1004 WHISPER <username> <flags> "<message>"This message represents that someone has sent you a whisper. The <flags> are the flags of the person who whispered you. The <message> is not escaped by anything so you have to read the message carefully. The quotes have no effect, really.
1005 TALK <username> <flags> "<message>"This message represents that someone has talked in the channel. See 1004 for information.
1006 BROADCAST "<message>"This is a broadcast from the server (ex. The server will be shutting down for maintenance).
1007 CHANNEL "<name>"This message represents that you entered another channel that is called <name>. Channel flags are impossible to retrieve from this.
1009 USER <username> <flags> [<product>]This message represents that someone's flags or product has changed (ex. Someone went from being a channel operator to a normal user, or vice versa). The parameters are the same for 1001.
1010 WHISPER <username> <flags> "<message>"This message represents that you have sent a whisper to <username>. The <flags> are the flags of the person you whispered to.
1010 WHISPER your friends <flags> "<message>"This message is a duplicate of the first 1010, but instead <username> is "your friends." This message represents that you whispered to your friends instead of a single user.
1018 INFO "<message>"This message represents that the server has sent you information (ex. You are JoeUser, using Chat in the channel Public Chat 1.). Just like 1005, <message> is not escaped.
1019 ERROR "<message>"This is the same as 1018, but instead represents that the server sent you an error (ex. That user is not logged on.).
1023 EMOTE <username> <flags> "<message>"This is a duplicate of 1005, but instead is in the form of an emote instead of a message.
2000 NULLThis message represents that you are idle. This is sent every 30 seconds. Each time you send a new message, the 30-second timer is reset back to 30. Telnet connections are never killed for being idle, so this message really has no purpose. This is why some Telnet clients send "random" /users or /time commands, is to keep this message from popping up or as a response to the packet.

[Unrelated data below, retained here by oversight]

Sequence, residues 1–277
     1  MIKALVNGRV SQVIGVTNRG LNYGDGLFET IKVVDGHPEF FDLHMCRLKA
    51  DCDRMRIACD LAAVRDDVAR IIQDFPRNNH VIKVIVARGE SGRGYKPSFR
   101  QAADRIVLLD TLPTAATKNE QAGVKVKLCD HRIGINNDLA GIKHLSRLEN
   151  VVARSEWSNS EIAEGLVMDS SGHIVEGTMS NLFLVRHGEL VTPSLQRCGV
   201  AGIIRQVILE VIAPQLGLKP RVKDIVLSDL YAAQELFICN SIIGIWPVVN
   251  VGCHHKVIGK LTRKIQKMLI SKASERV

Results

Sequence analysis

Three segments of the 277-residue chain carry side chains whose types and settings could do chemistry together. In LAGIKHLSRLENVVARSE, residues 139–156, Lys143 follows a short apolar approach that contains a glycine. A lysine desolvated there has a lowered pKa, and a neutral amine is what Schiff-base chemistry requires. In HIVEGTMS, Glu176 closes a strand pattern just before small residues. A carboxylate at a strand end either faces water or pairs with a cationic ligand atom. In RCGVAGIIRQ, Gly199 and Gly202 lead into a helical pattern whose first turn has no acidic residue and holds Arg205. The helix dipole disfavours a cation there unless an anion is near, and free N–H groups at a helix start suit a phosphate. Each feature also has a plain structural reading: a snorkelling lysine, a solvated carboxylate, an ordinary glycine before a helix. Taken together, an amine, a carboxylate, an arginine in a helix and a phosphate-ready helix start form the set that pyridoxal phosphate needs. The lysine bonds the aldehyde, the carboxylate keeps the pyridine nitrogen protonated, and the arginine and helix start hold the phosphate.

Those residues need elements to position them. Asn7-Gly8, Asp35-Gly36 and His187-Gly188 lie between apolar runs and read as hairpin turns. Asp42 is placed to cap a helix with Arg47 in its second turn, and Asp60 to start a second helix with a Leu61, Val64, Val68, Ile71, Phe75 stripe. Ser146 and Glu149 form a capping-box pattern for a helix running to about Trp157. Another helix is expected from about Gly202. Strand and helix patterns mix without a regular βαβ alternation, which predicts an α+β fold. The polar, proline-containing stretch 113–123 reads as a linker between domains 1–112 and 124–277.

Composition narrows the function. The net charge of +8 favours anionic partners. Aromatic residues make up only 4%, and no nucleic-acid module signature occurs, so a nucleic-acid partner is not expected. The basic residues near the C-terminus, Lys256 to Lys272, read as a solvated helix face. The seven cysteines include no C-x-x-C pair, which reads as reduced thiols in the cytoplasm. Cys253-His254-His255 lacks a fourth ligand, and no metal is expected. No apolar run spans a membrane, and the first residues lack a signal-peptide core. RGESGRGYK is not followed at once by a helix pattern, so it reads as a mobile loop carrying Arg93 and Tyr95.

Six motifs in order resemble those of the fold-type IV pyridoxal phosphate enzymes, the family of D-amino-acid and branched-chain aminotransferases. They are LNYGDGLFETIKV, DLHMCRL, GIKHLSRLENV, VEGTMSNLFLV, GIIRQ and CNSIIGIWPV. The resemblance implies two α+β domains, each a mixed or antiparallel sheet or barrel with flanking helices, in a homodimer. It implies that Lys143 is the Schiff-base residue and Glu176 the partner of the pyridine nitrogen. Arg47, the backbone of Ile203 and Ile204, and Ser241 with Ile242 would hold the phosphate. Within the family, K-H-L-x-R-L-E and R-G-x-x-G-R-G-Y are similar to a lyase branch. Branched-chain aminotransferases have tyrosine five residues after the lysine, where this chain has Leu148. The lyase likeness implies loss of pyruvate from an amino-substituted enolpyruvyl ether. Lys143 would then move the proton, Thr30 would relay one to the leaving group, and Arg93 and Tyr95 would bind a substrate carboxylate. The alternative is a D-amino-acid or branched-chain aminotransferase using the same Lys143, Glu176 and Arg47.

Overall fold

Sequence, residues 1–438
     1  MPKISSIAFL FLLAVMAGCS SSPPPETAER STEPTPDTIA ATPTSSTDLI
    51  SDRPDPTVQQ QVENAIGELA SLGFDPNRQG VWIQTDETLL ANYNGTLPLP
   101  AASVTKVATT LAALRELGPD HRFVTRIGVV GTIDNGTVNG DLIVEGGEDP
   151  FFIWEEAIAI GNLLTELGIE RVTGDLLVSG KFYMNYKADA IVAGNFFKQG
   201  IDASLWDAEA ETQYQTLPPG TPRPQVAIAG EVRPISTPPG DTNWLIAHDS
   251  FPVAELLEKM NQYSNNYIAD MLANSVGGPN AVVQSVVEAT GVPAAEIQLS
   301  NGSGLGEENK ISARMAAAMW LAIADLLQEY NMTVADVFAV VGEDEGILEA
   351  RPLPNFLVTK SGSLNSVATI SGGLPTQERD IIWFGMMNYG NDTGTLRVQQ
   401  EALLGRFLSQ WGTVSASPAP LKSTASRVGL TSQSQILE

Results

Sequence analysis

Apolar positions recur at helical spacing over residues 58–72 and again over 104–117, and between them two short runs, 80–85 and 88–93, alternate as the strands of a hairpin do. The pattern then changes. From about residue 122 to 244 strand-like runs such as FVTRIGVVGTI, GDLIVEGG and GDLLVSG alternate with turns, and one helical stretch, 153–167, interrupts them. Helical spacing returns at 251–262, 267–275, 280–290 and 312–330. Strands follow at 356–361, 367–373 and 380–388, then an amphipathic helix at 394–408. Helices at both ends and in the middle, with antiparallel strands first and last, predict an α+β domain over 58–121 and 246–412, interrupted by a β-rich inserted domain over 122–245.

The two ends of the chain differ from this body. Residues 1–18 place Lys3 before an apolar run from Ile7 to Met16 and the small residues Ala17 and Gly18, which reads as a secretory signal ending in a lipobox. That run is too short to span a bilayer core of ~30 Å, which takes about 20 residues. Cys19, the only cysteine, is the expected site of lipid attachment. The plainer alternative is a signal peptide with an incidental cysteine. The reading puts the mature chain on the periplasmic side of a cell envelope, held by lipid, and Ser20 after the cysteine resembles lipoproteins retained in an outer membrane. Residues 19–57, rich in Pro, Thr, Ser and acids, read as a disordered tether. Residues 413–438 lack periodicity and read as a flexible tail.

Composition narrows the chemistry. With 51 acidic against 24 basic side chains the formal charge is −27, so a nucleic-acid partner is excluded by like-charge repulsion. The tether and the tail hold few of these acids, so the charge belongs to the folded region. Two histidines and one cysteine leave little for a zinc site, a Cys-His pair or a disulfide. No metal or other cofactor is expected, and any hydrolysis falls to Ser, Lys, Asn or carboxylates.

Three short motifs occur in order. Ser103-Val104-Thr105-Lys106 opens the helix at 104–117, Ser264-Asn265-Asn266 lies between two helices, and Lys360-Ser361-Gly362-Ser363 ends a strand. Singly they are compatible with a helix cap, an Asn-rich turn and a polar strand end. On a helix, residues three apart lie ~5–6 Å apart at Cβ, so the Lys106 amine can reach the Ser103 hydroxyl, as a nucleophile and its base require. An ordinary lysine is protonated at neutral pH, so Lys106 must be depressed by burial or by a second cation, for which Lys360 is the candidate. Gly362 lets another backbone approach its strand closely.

2010 NAME <username>This is your unique name on Battle.net. If you are logged on more than once, this is your name with a number at the end (ex. JoeUser#2) instead of your normal name (ex. JoeUser).
This covers all of the messages that Telnet gives. After you have logged on successfully, anything you send is a message or command followed by an end-of-line. If you do not add an end-of-line to your message, it is appended to your last message. So for example, let's say I entered "123" without an end-of-line then entered "456" with an end-of-line, I would of just sent "123456" to the channel, instead of "456."
Telnet's flags are the same as the regular user flags seen everywhere. The only difference is that Telnet's flags are kept to 4 characters instead of 8 characters or a binary DWORD and the flags are displayed in hexadecimal (ex. 0010 UDP would be 0016 UDP in decimal). Also, flags are prefixed with zero's if they are not equal to 4 digits.
See the related documents for more information about flags and ID's. Telnet uses the same "values" as described in those documents. If you noticed something, SID_CHATEVENT uses the same event ID's as Telnet uses, except for 1013, 0014, and 0015, which are not used in Telnet. Another irony is the packet ID's in Telnet are 4 digits, just like the flags are, so maybe a DWORD in Telnet is actually 4 text-digits.